This week’s Artist of the Week is a singer named The Weeknd (that’s not a typo, that’s actually how it’s spelled). He is a 22 year-old Canadian R&B recording artist and record producer who has recently started making waves in the hip hop and R&B community by way of achingly passionate lyrics, the sound of smoke slipping between his teeth and a falsetto you wish would never stop.
The reason I chose to make The Weeknd this week’s Artist of the Week is because he has a new album dropping today (November 13th) titled Trilogy. The album has been released under Universal Public Records, to whom he recently signed, as well as his own label, XO. In the ultimate form of flattery and high expectations, iTunes has made The Weeknd’s song “Twenty Eight” this week’s single of the week on iTunes.
The Weeknd (whose real name is Abel Tesfaye) is reasonably new to the music scene, having dropped his first free album titled House of Balloons (click the link for the free download) in March 2011. The album was extremely well received by fans (many of whom discovered him via his YouTube videos), putting him on the map almost instantly, with songs like “Loft Music” and “High For This” leading the way.
In addition to the overwhelmingly positive feedback he’s received from fans, several higher-ups in the music biz have noticed him as well, such as Drake, who not only gave him a few buzzes by quoting lyrics on Twitter but also ended up contributing to his debut album. The video below is for The Weeknd’s song “The Zone” which features Drake.
Somewhat recently, British pop star Ellie Goulding did a cover of his song “High For This”, which fans of both musicians have absolutely devoured. Similarly, several DJs have laced The Weeknd’s songs with even more beats and bass than they had to begin with, turning them into extremely sensual club jams.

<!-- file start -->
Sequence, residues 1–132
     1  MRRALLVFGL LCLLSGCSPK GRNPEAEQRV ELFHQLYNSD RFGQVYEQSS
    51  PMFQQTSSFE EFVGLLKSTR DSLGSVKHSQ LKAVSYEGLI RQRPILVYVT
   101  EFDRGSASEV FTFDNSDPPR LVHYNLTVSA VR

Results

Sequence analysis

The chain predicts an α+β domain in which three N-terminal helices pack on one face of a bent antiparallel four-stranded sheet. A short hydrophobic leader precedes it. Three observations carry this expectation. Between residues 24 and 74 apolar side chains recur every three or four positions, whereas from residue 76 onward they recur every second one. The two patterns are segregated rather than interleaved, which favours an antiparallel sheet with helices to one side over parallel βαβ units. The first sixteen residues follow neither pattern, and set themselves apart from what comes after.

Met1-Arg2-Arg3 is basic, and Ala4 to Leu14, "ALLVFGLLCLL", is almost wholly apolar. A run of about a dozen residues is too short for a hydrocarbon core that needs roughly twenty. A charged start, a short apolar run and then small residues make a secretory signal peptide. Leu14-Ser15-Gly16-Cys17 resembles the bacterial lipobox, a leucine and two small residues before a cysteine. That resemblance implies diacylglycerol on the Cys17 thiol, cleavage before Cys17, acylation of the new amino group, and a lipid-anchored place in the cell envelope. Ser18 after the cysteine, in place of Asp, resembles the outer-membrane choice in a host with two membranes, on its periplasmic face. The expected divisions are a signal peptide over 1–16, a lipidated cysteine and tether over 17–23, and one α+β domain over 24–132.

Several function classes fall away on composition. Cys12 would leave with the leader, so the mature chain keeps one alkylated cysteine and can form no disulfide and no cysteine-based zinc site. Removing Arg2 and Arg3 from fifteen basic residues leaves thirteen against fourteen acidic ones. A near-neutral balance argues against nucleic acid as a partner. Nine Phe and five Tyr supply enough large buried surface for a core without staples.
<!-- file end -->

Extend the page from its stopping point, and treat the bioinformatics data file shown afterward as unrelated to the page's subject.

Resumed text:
While it’s hard to accurately translate The Weeknd’s dark and addictive nature into words, Pitchfork’s Joe Colly gave a pretty good attempt in an article reviewing House of Balloons: “What makes this whole thing work in an album context is that all the thematic and sonic pieces fit together– these weird, morning-after tales of lust, hurt, and over-indulgence (“Bring the drugs, baby, I can bring my pain,” goes one refrain) are matched by this incredibly lush, downcast music.”
I decided to try describing The Weeknd’s sound using my senses: If his songs were a picture, it would look exactly like the cover art of House of Balloons, featuring bare breasts and scattered balloons, all in black and white. If his songs were a smell, it would be a mix between strong perfume, weed and a faint twinge of mold, like the kind that would go undetected for years in an old NYC apartment. If his music were a feel, it would be a combination of facial hair stubble and thin sheets. If it were a taste, it would be black licorice and smoke.
But don’t take my word for it- check out his songs for yourself. His is the kind of music that will be different and unique to each individual person, like some darkly sexual and drugged out snowflakes. See if you can find a way to describe your Weeknd.